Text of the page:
When the nuclear-powered submarine USS Thresher sank in the Atlantic Ocean 50 years ago in April 1963, a former Minot man was among those aboard.
Lt. Cmdr. Robert Lee Krag was a deputy commander for submarines in the North Atlantic and was on the trip as an observer.
Never before in war or peace had so many men perished in one American submarine as did when the 129 men down in the Thresher, the Navy reported.
The incident occurred only six months after the Cuban Missile Crisis.
Krag's mother, Inga Krag, was a teacher at Lincoln Elementary in Minot when she received the word that her son might be lost at sea, The Minot Daily News reported on April 11, 1963. She received a telegram from the chief of Naval Personnel saying her son was on board the Thresher when the submarine was involved in an accident on April 10, 1963, 225 miles east of Cape Cod, Mass., where the submarine was conducting operations while submerged. The vice admiral assured the Minot woman in the telegram that every effort was being made to locate her son.
Inga Krag went to school that morning to assist in securing a substitute teacher and then went home to wait for more news.
For more information about the submarine Thresher and the 50th Annual USS Thresher Memorial Service go to (www.thresherbase.org) website.
The invitation only service at the Portsmouth High School Auditorium in Portsmouth, N.H., is set for Saturday, April 6, at noon and will be filmed live and streamed over the Defense Video & Information
Thresher 50th Anniversary
Distribution System website at (http://www.dvidshub.net).
Kevin Galeaz, of New Hampshire, USSVI Thresher Base commander and chairman of the Planning Committee for the annual USS Thresher Memorial Service, said one of the purposes of the live stream is to bring in family members who are too elderly or can't travel to the memorial service.
He said about 1,300 are expected to attend the memorial service this year.
The Thresher, one of the newest and most modern subs in the fleet, was on a training dive when the Navy lost all contact with it, according to The Associated Press.
At first the Navy reported the Thresher was overdue and presumed missing but changed the report to "appears to be lost" after an oil slick was sighted. The $45 million Thresher, built at the Portsmouth Naval Shipyard in Kittery, Maine, near the city of Portsmouth, N.H., had been commissioned less than two years earlier,
The day after relatives of the men onboard were notified of the situation, the chief of naval operations, Adm. George W. Anderson, announced he had come to the conclusion the Thresher was lost and notices were dispatched to the next of kin of the men aboard.
Later that month, Lt. Cmdr. Krag's mother asked The Minot Daily News to print the letter she received from Vice Adm. E.W. Grenfell, commander of the U.S. Naval Atlantic Fleet submarine force.
"I feel that all civilians should read the (admiral's) letter. We Americans are so casual and do not stop to think that democracy has a price," Inga Krag told the newspaper.
Grenfell's letter to Inga Krag included:
"Your son and those he went to sea with died serving their country during a very critical time in our nation's history a time when it is imperative that we have forces with as great a military capability as possible. The men who perished in Thresher were a highly select group of dedicated officers and men who were proud of this ship and its ability to go deeper and faster than any previous submarine.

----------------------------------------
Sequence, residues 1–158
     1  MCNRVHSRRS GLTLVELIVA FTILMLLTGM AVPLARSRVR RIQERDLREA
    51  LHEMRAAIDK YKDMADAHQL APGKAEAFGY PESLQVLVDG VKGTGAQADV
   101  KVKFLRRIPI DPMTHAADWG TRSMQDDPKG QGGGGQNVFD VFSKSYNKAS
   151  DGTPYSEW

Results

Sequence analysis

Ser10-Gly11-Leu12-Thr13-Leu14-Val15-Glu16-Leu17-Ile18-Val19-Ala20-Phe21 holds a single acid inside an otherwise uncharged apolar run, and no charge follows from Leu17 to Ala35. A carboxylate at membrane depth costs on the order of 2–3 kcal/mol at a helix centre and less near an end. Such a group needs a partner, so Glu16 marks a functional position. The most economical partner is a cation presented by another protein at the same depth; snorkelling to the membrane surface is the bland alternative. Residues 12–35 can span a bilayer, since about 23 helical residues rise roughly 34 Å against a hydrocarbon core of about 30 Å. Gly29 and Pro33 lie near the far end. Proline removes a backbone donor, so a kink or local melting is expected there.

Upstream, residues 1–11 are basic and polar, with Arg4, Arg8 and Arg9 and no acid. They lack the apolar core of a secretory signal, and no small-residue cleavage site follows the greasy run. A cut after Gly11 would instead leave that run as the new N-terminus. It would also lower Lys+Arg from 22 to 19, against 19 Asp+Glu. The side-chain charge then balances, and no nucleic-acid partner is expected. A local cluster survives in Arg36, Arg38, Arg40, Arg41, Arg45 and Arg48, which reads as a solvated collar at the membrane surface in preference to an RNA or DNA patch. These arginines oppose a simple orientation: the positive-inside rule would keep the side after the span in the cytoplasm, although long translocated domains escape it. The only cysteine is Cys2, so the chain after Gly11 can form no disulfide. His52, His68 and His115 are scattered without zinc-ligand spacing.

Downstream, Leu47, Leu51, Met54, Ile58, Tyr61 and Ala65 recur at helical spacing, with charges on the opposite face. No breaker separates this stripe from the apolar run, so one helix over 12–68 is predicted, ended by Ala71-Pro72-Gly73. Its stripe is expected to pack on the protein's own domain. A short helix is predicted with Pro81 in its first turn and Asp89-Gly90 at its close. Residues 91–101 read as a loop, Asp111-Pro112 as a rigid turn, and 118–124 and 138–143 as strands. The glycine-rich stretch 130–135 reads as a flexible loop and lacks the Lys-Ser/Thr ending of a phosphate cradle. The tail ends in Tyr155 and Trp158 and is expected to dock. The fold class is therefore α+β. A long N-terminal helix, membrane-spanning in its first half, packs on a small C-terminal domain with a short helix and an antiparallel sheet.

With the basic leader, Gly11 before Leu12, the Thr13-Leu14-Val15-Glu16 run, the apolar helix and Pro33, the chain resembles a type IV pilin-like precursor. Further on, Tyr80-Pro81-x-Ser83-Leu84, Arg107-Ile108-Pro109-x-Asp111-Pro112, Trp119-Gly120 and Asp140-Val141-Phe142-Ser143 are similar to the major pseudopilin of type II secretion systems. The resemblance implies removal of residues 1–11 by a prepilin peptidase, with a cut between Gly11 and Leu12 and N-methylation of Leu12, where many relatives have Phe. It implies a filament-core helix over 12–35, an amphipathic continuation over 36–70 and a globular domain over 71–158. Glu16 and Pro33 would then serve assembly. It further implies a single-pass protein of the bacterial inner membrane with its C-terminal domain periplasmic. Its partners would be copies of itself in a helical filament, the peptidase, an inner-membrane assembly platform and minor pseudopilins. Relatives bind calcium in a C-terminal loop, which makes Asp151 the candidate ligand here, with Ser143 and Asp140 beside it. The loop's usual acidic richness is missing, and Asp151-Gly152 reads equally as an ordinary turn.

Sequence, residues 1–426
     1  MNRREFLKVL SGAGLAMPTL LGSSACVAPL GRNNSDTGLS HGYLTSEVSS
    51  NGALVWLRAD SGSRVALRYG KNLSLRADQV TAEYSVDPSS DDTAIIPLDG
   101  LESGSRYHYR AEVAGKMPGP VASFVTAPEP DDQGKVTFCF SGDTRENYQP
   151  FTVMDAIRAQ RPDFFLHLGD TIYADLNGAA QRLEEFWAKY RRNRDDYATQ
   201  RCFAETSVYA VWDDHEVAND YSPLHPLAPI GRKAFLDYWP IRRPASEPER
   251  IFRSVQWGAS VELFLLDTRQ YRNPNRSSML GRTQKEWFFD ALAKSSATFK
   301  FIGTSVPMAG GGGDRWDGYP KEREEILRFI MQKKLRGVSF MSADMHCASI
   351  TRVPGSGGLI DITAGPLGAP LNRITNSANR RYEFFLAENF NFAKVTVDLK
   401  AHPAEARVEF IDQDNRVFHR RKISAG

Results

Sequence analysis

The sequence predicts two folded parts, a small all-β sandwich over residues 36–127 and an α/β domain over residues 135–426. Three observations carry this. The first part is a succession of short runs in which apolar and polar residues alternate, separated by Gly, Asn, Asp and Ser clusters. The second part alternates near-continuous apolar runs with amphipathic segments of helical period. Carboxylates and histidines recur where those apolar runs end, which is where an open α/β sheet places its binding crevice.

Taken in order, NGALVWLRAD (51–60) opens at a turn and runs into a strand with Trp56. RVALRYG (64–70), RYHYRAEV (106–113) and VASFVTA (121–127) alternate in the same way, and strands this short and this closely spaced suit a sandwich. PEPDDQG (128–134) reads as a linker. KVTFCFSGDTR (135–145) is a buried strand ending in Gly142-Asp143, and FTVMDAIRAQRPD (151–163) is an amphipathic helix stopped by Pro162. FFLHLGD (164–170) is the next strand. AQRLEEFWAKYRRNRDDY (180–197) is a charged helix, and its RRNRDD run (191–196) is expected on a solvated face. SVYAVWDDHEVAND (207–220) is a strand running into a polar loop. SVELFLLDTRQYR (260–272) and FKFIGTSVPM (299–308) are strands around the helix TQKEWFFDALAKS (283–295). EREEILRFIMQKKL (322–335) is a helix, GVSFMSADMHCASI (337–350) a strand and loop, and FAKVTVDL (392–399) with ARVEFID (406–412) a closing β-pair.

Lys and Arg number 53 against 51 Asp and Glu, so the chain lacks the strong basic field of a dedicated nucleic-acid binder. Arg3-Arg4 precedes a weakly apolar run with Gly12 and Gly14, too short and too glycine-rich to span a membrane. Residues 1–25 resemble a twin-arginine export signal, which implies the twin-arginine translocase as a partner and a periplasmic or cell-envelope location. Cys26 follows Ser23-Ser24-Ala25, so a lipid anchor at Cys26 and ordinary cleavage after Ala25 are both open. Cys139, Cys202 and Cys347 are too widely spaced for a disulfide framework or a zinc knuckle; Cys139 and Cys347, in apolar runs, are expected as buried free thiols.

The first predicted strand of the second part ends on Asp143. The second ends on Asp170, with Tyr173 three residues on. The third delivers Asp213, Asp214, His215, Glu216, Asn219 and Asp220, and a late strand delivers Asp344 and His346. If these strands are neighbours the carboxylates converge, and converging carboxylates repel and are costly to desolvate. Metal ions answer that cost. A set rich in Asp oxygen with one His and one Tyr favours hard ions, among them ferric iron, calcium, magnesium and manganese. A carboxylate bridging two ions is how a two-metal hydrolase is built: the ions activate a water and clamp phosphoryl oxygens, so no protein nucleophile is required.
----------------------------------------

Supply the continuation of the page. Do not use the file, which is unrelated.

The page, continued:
"Your son was a true pioneer in the art of submarining and I shall do everything within my power to insure that he is so remembered by his fellow countrymen and honored for giving his life to his country."
Krag was born at Hannaford.
According to The Minot Daily News files:
Krag graduated from Minot High School in 1946 before he went to the U.S. Naval Academy at Annapolis and graduated from there in 1950. He also was a North Dakota nominee for a Rhodes Scholarship.
After serving on the carrier USS Franklin Roosevelt for about three years, the Navy sent Krag to the Massachusetts Institute of Technology where he completed a three-year course, earning a master of engineering degree and graduating as second high man in his class.
He went on to submarine school at New London, Conn., finishing first in his class and was immediately assigned to nuclear submarine duty aboard the Albacore. In a short time he had advanced in rank, including serving as the supervisor of shipbuilding at Groton, Conn., at the electric boat division of the General Dynamics Corp. He was deputy commander of submarines, Atlantic, at the time of his death.
Krag and his wife, Olga, and their children lived in New London.
A New London church named a new parish school in Lt. Cmdr. Krag's honor and dedicated a sound system in the church to his memory.
A memorial marker honors him in Arlington National Cemetery in Arlington, Va.
Later, military officials determined the submarine had probably sank due to leakage in the engine room's seawater system, as well as other probable causes.
The loss of Thresher was the genesis of the SUBSAFE Program, according to the Thresherbase website.
"In June 1963, in the aftermath of the loss of Thresher while investigations, design reviews and testimony to Congress were in progress, the SUBSAFE Program was created. The SUBSAFE Program is to provide maximum reasonable assurance of watertight integrity and recovery capability of a submarine," the website said.